The vast majority of languages have either an alveolar or dental nasal. There are a few languages that lack either sound but have [m] (e.g. colloquial Samoan). There are some languages (e.g. Rotokas) that lack both [m] and [n].
True dental consonants are relatively uncommon. In the Romance, Dravidian, and Australian languages, n is often called "dental" in the literature. However, the rearmost contact (which is what gives a consonant its distinctive sound) is actually alveolar or denti-alveolar. The difference between the Romance languages and English is not so much where the tongue contacts the roof of the mouth, as which part of the tongue makes the contact. In English it is the tip of the tongue (such sounds are termed apical), whereas in the Romance languages it is the flat of the tongue just above the tip (such sounds are called laminal).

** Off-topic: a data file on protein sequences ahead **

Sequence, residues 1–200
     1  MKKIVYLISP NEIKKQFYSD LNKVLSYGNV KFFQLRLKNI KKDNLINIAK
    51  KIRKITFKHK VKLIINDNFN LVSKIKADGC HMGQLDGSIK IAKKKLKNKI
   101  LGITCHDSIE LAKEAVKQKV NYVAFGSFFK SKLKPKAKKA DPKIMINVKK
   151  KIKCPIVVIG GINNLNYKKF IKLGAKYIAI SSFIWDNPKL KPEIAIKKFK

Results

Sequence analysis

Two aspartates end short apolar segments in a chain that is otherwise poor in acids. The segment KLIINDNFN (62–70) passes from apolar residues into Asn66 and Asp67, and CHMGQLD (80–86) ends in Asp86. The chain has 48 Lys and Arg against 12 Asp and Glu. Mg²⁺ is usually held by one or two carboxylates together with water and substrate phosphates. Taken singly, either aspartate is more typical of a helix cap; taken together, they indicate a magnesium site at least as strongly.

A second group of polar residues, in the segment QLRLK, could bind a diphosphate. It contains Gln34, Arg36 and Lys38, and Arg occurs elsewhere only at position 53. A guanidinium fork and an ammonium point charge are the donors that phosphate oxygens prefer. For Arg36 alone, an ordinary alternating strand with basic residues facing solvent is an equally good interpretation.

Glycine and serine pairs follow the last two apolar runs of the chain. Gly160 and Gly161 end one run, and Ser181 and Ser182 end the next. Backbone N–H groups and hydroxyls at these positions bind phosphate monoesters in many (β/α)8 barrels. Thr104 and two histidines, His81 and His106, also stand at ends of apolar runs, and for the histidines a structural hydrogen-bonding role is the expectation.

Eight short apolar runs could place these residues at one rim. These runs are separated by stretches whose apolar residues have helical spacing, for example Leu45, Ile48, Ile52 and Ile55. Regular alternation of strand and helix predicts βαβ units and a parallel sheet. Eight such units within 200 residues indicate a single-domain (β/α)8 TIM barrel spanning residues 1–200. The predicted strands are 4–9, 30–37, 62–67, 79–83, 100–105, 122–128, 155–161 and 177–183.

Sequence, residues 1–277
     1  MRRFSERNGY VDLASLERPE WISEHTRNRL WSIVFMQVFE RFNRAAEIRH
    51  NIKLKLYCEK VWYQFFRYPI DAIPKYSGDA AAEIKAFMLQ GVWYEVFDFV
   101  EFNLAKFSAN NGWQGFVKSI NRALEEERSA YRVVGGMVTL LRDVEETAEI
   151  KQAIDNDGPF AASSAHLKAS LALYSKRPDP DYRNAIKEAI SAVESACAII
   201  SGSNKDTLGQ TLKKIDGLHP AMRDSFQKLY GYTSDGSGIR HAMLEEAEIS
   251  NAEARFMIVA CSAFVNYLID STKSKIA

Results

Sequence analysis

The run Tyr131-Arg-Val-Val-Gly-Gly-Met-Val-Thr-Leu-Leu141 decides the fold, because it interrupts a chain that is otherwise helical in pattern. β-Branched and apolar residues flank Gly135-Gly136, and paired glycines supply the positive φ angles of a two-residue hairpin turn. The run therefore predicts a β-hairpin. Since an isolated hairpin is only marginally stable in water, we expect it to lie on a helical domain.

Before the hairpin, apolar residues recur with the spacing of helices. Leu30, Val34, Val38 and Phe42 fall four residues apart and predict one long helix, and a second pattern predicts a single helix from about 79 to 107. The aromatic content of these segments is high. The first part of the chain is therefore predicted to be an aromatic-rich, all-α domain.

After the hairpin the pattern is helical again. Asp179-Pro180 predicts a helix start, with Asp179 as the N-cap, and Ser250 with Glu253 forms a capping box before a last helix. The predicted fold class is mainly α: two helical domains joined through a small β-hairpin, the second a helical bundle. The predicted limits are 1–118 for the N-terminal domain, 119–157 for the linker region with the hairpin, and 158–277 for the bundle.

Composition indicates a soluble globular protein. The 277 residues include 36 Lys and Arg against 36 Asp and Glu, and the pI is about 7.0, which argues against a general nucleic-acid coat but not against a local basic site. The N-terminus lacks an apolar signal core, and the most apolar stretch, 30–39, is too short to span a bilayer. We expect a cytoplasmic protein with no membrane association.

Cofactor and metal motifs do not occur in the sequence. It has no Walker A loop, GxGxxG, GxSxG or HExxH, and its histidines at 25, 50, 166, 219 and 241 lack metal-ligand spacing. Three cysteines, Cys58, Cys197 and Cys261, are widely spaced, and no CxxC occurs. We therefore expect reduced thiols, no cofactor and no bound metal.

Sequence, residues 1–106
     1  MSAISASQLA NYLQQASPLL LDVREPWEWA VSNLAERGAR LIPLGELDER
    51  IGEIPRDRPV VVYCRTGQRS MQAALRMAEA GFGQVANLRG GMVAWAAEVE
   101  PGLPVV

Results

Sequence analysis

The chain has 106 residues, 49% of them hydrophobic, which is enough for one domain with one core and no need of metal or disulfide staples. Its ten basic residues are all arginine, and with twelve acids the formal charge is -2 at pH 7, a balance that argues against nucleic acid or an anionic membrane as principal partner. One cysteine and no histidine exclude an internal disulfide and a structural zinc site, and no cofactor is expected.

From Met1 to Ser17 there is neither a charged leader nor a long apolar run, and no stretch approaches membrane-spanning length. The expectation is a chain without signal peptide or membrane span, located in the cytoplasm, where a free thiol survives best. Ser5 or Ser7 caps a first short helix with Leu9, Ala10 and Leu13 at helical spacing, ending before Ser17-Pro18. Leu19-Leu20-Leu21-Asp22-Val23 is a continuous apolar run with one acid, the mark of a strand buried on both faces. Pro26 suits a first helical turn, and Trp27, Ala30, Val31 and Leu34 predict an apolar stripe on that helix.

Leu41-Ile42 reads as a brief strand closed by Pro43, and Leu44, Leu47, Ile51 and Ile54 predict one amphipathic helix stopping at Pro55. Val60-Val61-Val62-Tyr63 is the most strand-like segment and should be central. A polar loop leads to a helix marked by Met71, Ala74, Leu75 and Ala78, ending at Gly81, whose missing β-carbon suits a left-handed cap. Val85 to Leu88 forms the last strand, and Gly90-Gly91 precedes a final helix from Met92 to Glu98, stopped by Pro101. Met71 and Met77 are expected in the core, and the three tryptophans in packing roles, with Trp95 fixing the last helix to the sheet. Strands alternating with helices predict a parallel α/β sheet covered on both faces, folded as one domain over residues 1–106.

However, there are languages with true apical (or less commonly laminal) dental n. It is found in the Mapuche language of South America, where it is actually interdental. A true dental generally occurs allophonically before /θ/ in languages which have it, as in English tenth. Similarly, a denti-alveolar allophone will occur in languages which have denti-alveolar stops, as in Spanish cinta.
Some languages contrast laminal denti-alveolar and apical alveolar nasals. For example, in the Malayalam pronunciation of Nārāyanan, the first n is dental, the second is retroflex, and the third alveolar.
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